But, Williams added, businesses still need to be educated on how to approach thinking about risk management in the face of climate change. "All too often, we use the uncertainty of climate change to ask ourselves, 'Is it happening or isn't it?' I think the uncertainty isn't that. It's how big the impact is going to be."

Ian Noble, chief scientist with GAIN and the former lead climate change specialist at the World Bank, was asked to speak at a U.N. climate conference side event on the role of the private sector in adaptation. Speaking at the GAIN conference a few days earlier, he noted that of the eight speakers, including himself, "not one of them was from the private sector, which I think is indicative of the problem."

"The private sector wants to know, where do we get advice and guidance on how to address climate risk and develop projects or models?" he said.

Awakening in the insurance industry

The reinsurance industry is one sector that has been making business decisions in adaptation for some time.

Mark Way, head of sustainable development with Swiss Re, said the company has been working on adaptation since 2007, focusing on insurance policies to manage the consequences of severe weather. The company put together a team to study how to work with governments to deal with new climate risks to understand emergency liquidity in different countries.

"How can we improve access to insurance in part of the world that has little or no insurance and through that build resiliency?" Way said. "How do we use insurance as a climate adaptation tool?" Asking those questions led the company into a number of projects like one in which it teamed up with Oxfam to integrate insurance mechanisms in development projects in Ethiopia.

But Way stressed that SwissRe's involvement in adaptation is not purely altruistic. And, he added, over the years, he has seen a growing number of companies start to understand that their bottom line is intimately connected with the climate. Last year's flooding in Thailand alone resulted in a $30 billion economic loss, costing the insurance industry about $12 billion and affecting more than 4 million properties, he noted.

"What is changing for sure is that the private sector is getting the message that they are vulnerable to severe weather impacts. People see their supply chains are vulnerable to climate impacts. I've spoken to a number of corporates about this recently, and they see this as something that's in their interest to address this."

Yet a slice of the environmental movement is skeptical and resistant to the private sector's involvement in adaptation precisely because such efforts mix altruism with a healthy dose of commercial interest. Many activists argue that adaptation is a matter of compensation: Poor countries are suffering because of the emissions spewed by wealthy nations -- and those governments must pay up, not allow companies to pick up the tabs.

Janet Redman, co-director of the Sustainable Energy and Economy Network, said she is concerned that businesses will merely pay for projects in their own financial interest instead of those that governments prioritize as critical. She and others also objected to making money off of countries' vulnerabilities.

Green groups remain suspicious

"The private sector should certainly be concerned about adaptation, but I don't think that the private sector is the most appropriate way for financing to be mobilized," she said. When it comes to things like infrastructure, land-use planning and designing of food systems that communities will need, she said, "I don't think these are appropriate places for the private sector to be thinking about profit motive, which is the definition of the private sector."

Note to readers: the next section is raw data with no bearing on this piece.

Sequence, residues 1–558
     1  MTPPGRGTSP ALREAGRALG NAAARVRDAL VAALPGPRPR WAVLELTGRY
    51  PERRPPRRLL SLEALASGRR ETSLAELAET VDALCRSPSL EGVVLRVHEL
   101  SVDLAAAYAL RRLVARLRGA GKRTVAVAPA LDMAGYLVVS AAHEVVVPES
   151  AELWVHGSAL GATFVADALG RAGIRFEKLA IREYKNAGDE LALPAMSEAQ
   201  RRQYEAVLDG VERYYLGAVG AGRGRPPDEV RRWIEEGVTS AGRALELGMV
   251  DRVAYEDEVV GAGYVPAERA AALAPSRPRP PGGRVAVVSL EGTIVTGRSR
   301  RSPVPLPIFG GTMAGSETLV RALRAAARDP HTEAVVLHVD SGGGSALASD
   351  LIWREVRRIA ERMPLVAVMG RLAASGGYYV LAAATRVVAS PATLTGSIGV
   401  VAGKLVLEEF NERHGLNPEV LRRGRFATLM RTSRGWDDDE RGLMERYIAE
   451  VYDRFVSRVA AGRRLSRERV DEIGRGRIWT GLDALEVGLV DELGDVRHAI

It's the kind of thinking Gary Lawrence, vice president and chief sustainability officer with AECOM, said he's been battling. Lawrence, a senior adviser to former President Clinton's Council on Sustainable Development and a U.S. negotiator to the United Nations' second conference on human settlements, said he thinks the business and environmental communities are still learning how to relate.

"I think we have just never figured out how to have a conversation about how the business community wants to solve these problems and recognizes that our futures are tied to solving these problems, but given our nature, we have to make money at it," Lawrence said. He recalled speaking last year to the U.N. General Assembly on disaster resilience -- the only person invited to do so from the business community -- and acknowledged that the desire for profits certainly holds dangers.

"I wouldn't suggest that they not take great care, but being paralyzed from action because of suspicion is not going to get us anywhere," he said. "Government doesn't have any money of its own. It has the money it extracts from the institutions that create wealth. If we're going to really have the resources necessary to focus on both mitigation and adaptation and risk reduction, then we're going to have to have some wealth creation associated with it, and it doesn't have to be at the expense of anyone else."

Lawrence said he sees opportunities in particular for businesses in moving key infrastructure out of coastal zones, building structures for urban agriculture, and getting food production closer to wastewater locations and to consumers. That's an area he said AECOM is working in, trying to figure out how to align the business to help regions where traditional food sources may soon no longer be available.

Daboub argued that in the absence of an international climate treaty -- and with little hope that any agreement will materialize until the next decade -- it becomes all the more important for businesses, environmental groups and policymakers to focus on ground-level changes to make countries more resilient to climate change.

"We can no longer wait for a bureaucrat in a dark room somewhere in Belgium or the U.K. or Washington to decide for us. We have to start making practical and pragmatic decisions," he said.